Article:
The best Wes Anderson films of all time

By Jim Mackney

Known for his distinctive visual and narrative style, Wes Anderson has produced some of greatest films to have graced our screens over the past decade.

The American has a vast array of accolades under his belt despite his relative youth, suggesting there is still a lot more to come from the esteemed film maker.

We pick out his top three.

Bronze – Moonrise Kingdom

Wes Anderson’s Moonrise Kingdom is a film about children that is not for children. It could be argued that this makes the film hard to place or that it sums up why Anderson operates mostly outside the studio system, but most Wes Anderson fans would argue that it’s a successful concept which accomplished directors handle with ease, Hayao Miyazaki is another example.

The film has a simple premise: two children get together and conspire to run away from home but their plan is blighted due to the fact that they live on a tiny island. The film has a charming school production-esque quality, and Anderson’s auteur flourishes are easily noticeable in his technical use of symmetry, tracking shots, vibrant patterns and colour palettes. Moonrise Kingdom wears these flourishes lightly however and they do not detract from the ability to enjoy the film.

Many of the films in Anderson’s repertoire are set in times past, Moonrise Kingdom was set in 1965, and the verisimilitude created by Anderson by the use of colour (light yellows, browns and oranges) and authentic props ground the film in its time period. Moonrise Kingdom ably showcases Anderson’s storytelling ability and his ability to vividly recreate settings and film making of older years with great authenticity. Moonrise Kingdom is a charming film and, somewhat ironically, timeless.

Silver –Fantastic Mr Fox

Fantastic Mr Fox could have, and some may argue should have, taken the gold medal here, particularly given the significance of the film in Anderson’s career, however whilst its hard to find fault, Mr Fox is pipped to the post by the faultless ‘The Grand Budapest Hotel’.

Mr Fox was preceded by The Darjeeling Limited, a film that was met with mixed reviews and one that some felt pushed Anderson into self-parody. Anderson, ever since Bottle Rocket, has been someone who has presented himself as an aesthete and his films at times have seemed like gigantic landscape paintings that his tracking shots just gloss over. Anderson’s films often feel as if they could not live without being seen, as if their worlds are stationary unless looked at, a reverse ‘Toy Story’. Using stop-motion in this film took this idea to the next level, nothing was going to be in the film unless directly placed there by Anderson and manipulated by the animators. Fantastic Mr Fox is Anderson playing God.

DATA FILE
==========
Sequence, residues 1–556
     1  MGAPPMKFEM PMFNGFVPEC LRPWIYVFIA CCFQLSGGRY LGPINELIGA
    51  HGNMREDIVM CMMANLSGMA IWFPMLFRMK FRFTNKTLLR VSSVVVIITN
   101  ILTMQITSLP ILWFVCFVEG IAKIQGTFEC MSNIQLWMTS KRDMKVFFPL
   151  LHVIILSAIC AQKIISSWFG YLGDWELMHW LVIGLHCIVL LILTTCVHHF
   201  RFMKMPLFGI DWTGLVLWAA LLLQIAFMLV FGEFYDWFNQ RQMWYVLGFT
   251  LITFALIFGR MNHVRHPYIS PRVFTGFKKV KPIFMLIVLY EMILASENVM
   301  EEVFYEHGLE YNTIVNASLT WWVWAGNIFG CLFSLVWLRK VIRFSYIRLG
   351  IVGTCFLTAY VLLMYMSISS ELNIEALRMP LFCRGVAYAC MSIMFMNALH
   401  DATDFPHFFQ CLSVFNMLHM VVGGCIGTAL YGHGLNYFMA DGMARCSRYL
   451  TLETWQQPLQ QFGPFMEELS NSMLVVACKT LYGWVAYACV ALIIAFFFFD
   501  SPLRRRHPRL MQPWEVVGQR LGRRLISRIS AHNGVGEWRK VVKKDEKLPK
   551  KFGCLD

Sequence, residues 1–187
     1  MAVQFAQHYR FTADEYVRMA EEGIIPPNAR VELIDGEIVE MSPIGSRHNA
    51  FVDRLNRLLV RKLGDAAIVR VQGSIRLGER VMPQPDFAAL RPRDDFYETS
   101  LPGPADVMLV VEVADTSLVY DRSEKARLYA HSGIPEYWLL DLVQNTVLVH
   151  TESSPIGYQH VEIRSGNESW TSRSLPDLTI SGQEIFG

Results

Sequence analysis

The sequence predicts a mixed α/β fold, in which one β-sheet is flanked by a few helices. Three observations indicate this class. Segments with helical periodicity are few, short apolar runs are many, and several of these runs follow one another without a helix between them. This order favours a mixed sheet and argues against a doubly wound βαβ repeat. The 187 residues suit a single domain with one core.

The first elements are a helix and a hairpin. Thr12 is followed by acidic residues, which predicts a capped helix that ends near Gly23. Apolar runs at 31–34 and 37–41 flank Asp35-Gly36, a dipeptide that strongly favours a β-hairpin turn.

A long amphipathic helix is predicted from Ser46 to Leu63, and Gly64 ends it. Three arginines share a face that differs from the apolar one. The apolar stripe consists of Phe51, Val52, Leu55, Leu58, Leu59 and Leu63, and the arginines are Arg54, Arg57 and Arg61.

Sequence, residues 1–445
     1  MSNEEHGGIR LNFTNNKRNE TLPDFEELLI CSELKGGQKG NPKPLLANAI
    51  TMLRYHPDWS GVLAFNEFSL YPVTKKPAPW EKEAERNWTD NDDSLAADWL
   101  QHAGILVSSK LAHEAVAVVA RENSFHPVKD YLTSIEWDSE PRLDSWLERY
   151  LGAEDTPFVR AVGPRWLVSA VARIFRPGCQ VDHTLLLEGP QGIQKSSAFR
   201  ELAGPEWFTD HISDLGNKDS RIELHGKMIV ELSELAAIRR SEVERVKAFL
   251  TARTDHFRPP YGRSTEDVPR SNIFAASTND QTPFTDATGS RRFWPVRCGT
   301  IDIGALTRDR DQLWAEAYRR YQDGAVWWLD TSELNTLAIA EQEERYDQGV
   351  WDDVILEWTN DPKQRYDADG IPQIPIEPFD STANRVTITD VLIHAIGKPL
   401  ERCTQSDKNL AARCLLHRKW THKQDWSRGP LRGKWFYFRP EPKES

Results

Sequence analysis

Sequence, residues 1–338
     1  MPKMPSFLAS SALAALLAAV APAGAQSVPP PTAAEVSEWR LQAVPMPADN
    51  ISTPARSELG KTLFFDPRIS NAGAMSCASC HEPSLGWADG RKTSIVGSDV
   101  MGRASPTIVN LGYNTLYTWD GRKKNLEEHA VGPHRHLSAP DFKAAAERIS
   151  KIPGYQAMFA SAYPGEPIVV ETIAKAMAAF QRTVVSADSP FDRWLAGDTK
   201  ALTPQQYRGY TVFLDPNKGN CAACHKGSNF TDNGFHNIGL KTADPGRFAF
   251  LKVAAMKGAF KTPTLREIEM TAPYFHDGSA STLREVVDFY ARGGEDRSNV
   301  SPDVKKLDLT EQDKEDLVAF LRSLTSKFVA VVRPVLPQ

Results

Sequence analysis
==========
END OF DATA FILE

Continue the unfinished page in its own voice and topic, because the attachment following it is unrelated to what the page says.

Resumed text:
Anderson manipulates Roald Dahl’s winning source material into a wry and thoughtful domestic comedy about knowing your place in the world, be it above ground or below, and accepting your lot. The film also looks at how a series of imperfect characters are doing the best they can for themselves and for each other. The film is eminently quotable and sumptuous to look at. The film is a triumph.

Gold – The Grand Budapest Hotel

Wes Anderson makes films that focus on predominantly male characters trying to live in creations of their own design, like boats in glass bottles or snow globes. Moonrise Kingdom for example is about trying to build the creation from the ground up and The Grand Budapest Hotel is about the main character trying to cling on to his creation for dear life.

The heart of The Grand Budapest is mournful. Mournful for a time lost, civility that appears to be forgotten and for creating beautiful things knowing that the world will not let them survive. The film’s ‘beautiful thing’ is the hotel itself, a place where the outer shell of the films mournful heart is a riotous comedy, a screen for the growing and inevitable stagnation within.

Ralph Fiennes’ delivers a career defining performance of such comedic talent and wit that at the time it came as a complete shock. Fiennes’, more known for playing straight laced characters seemed an odd appointment but he is evidently relishing the role and delivers Anderson’s finest, throwaway line with aplomb: “You see, there are still faint glimmers of civilization left in this barbaric slaughterhouse that was once known as humanity. Indeed, that’s what we provide in our own modest, humble, insignificant… oh, fuck it.”

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